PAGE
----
The Cash Converters share price slid lower today, down 1.8%. We take a look at the company’s latest financial results.
The post Why the Cash Converters (ASX:CCV) share price slid lower today appeared first on The Motley Fool Australia. –
The Cash Converters International Ltd (ASX: CCV) share price ended the day down 1.8% at 28 cents.
We take a look at Cash Converters’ financial results for the half-year ending 31 December (H1 FY21) below. In particular, what these figures mean for the Cash Converter share price.
What results did Cash Converters report for H1 FY21?
Today, Cash Converters reported a 31% decline in revenue, to $98.4 million from $142.7 million in H1 FY20.
Statutory net profit after taxes (NPAT) came in at $7.7 million. Which was up from a $19.4 million statutory NPAT loss in the prior corresponding period (pcp).
Operating NPAT declined 28% year-on-year. Cash Converters said its operating results “are presented net of the significant expense items directly associated with the settlement of class action litigation claims in the previous corresponding period”.
For the same reason, statutory earnings before interest, taxes, depreciation and amortisation (EBITDA) was $24.6 million. This was up compared to a negative $12.6 million in H1 FY20. Additionally, operating EBITDA declined 19% year-on-year from $30.4 million.
Moreover, the company’s online presence looks to have benefited from a wider shift in consumer online spending growth. Cash Converters reported a 39% boost in online retail sales, up 39%.
Gross bad debt expenses were cut by 56% and operating cash flow was up at $8.6 million from negative $15.5 million in the corresponding half year.
Cash Converters reported $91.3 million in cash and equivalents as at 31 December, up from $59.4 million.
Commenting on the results, Cash Converters’ managing director, Sam Budiselik said:
The performance of our underlying business has been extremely impressive considering the substantial impact of COVID-19 throughout the first half of FY 2021. The ongoing Government stimulus had resulted in our inventory levels depleting throughout our store network, our Loan Books contracting and franchise fee revenue reducing as various state-wide (and international) lockdowns occurred throughout the period.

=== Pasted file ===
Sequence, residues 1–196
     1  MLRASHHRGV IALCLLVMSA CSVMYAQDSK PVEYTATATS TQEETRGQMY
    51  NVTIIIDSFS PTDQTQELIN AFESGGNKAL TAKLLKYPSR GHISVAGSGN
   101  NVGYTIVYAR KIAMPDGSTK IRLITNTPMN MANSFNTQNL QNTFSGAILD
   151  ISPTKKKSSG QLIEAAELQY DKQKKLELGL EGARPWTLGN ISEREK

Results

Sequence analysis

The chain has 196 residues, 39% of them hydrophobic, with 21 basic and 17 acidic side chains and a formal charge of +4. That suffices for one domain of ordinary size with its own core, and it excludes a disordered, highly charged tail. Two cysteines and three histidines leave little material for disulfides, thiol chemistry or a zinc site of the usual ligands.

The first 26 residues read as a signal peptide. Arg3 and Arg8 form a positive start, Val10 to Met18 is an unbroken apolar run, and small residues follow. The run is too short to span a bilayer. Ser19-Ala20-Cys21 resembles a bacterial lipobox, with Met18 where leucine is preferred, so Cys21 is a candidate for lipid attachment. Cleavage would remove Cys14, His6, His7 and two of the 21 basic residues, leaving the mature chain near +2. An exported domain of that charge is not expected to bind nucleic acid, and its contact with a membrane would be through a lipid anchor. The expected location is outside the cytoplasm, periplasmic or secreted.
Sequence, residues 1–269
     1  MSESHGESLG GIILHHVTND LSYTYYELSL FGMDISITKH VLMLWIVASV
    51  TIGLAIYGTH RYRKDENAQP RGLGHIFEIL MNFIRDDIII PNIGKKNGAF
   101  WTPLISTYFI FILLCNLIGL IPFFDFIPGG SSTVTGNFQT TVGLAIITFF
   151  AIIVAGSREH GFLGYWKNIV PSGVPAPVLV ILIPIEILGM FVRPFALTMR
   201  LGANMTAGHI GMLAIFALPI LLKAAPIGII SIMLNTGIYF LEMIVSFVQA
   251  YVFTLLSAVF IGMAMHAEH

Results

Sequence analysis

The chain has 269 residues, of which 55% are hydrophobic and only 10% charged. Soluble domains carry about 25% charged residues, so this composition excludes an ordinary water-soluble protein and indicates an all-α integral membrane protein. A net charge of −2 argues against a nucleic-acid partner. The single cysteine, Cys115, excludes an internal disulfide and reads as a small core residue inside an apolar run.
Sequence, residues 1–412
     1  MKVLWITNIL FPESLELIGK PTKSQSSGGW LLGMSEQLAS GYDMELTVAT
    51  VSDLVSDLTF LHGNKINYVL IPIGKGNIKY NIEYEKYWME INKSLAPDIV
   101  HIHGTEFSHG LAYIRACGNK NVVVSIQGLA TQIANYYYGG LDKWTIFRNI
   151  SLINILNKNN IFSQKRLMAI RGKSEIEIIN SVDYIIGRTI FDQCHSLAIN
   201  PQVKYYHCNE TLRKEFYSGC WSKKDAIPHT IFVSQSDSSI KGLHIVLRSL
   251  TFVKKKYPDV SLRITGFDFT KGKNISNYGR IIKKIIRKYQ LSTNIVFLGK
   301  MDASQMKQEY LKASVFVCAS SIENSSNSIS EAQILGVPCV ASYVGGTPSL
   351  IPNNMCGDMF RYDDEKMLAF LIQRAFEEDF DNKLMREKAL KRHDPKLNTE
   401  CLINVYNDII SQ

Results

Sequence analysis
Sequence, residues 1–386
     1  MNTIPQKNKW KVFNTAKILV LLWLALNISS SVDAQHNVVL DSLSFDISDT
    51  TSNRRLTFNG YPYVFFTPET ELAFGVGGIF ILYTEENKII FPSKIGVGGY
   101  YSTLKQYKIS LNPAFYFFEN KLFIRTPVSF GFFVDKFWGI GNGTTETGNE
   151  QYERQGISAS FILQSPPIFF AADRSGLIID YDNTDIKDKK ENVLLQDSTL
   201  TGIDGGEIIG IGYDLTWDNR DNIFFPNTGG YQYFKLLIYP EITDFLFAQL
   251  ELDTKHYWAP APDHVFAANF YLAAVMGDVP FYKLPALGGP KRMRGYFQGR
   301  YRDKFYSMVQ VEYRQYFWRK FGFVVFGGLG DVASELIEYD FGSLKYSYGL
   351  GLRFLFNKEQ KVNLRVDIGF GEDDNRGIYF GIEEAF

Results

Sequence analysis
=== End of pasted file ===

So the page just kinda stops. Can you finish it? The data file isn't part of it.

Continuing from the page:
Despite these headwinds the resilience of our business model continued to demonstrate the appeal of our store service experience and the reach of our online and digital assets.
Cash Converters noted it was not eligible for and made no direct claims under the government’s JobKeeper allowances.
Cash Converters share price snapshot
Despite tumbling 50% during the viral market rout last February and March, Cash Converters’ shares are up 38% over the past 12 months. By comparison, the All Ordinaries Index (ASX: XAO) is up just under 5%.
Year-to-date the Cash Converters share price is up 19.5%.
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Motley Fool contributor Bernd Struben has no position in any of the stocks mentioned. The Motley Fool Australia has no position in any of the stocks mentioned. The Motley Fool has a disclosure policy. This article contains general investment advice only (under AFSL 400691). Authorised by Bruce Jackson.